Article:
It is a reality completely separate from ours, but with threads tying it back to ours in only the ways that matter, the ways that we truly crave. The characters we follow are human, or have very human qualities. The rules of physics as we've come to understand them play out in an intuitive way, but science has broken many of the chains that still hold us back. God exists, but he doesn't have a face we recognize or any of the prophets we've grown so tired of, so our sense of spirituality is confirmed and held aloft in a way even the most angry atheist can feel warm about. Our desire to believe we are all tied together and have a cosmic purpose and place is given a strong foundation of proof to stand on, but in a way that can't be completely unraveled. Magic exists, but we don't have to deal with any rune books or crystals or incantations. God and his spirit are present, the oneness of nature is present, the brilliance and promise of science is present, the craving for purpose and adventure and daring and exploration, but we dispense with the priests or hippies or haughty professors or chuckling swordsmen that have traditionally delivered those things.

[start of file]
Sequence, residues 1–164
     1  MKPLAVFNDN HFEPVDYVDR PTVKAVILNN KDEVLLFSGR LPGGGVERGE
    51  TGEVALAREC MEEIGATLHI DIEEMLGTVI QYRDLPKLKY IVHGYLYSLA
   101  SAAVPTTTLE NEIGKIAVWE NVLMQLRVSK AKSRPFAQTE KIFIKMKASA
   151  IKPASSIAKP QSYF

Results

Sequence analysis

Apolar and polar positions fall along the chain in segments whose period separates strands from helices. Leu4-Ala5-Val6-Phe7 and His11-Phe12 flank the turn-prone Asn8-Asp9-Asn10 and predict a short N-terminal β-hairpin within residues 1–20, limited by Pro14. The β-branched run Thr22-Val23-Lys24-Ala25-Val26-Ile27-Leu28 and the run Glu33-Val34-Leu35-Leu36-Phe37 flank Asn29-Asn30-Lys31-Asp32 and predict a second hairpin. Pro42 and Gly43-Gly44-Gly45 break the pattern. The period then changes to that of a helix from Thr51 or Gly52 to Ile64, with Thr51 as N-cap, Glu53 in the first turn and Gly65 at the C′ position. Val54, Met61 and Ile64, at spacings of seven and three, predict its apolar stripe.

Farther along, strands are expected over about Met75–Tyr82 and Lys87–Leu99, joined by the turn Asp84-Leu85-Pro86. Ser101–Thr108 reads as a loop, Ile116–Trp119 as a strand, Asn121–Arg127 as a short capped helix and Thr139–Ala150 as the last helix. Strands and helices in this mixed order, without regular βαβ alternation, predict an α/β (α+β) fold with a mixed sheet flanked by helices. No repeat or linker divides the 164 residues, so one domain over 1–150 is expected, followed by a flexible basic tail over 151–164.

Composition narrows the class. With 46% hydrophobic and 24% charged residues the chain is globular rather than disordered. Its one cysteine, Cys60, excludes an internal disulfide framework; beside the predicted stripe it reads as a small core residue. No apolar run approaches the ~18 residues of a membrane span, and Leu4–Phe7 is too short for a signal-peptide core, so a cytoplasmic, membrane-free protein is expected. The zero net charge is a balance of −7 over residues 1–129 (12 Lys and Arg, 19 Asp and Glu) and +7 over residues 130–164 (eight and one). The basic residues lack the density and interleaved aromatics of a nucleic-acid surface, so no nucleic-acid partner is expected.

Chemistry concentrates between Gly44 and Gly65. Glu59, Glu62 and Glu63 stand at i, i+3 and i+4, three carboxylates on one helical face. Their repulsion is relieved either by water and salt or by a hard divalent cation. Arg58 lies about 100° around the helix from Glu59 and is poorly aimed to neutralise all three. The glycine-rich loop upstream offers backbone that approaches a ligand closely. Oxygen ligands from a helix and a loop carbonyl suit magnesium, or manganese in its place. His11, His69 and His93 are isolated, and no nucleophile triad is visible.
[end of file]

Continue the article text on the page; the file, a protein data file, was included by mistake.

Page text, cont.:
Star Wars is a story that allows angels and demons to battle without the specters of purse-lipped nuns or honor killings or teenage celibacy. It allows nature to be a literally holy and unified place at one with our spirits without Cheech and Chong or inane yoga class slogans hovering to mind. It allows science to reach to new heights and stretch our reach across the universe without sweaty engineers and algebra classes and irritating software patches.

It gives us everything we instinctively want, but in a way that completely divorces those desires from their messy real-world counterparts. It takes everything that's good about fiction, and removes all the ruining traces of reality.

It has the calm, "old as the hills" feeling of fantasy settings because it's lived in and shabby. People talk like the galaxy is vast and unknown, and everyone actually walks and talks to each other in a curiously old-fashioned way that feels right. No one ever bothers to explain how any of the technology works, so the science in Star Wars feels like it was figured out hundreds of years ago. It feels like the firm and reliable technology of the plow and the iron-smith, things that have always worked and only change in the details of the craftsman. It doesn't feel like a dizzyingly escalating slope constantly causing chaos and confusion and change like in our reality.

Everything is completely different, but feels familiar. Feels right.

Can you think of any other story that was both more advanced than our reality, but also deliberately severed from it? Can you think of one that melds both the future and the past in a way that satisfies all our desires of both? Can you think of a story that gives progress vs tradition, science vs faith, nature vs technology, to all have a godlike manifestation of their values?

No you can't, and that's why Star Wars is more than fiction, it's truly fantasy.